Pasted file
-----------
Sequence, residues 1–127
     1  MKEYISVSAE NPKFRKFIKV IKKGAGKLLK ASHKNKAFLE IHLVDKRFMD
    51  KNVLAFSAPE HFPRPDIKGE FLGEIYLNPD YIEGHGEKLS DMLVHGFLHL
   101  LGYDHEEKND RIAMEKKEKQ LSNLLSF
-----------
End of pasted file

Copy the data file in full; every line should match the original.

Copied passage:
Sequence, residues 1–127
     1  MKEYISVSAE NPKFRKFIKV IKKGAGKLLK ASHKNKAFLE IHLVDKRFMD
    51  KNVLAFSAPE HFPRPDIKGE FLGEIYLNPD YIEGHGEKLS DMLVHGFLHL
   101  LGYDHEEKND RIAMEKKEKQ LSNLLSF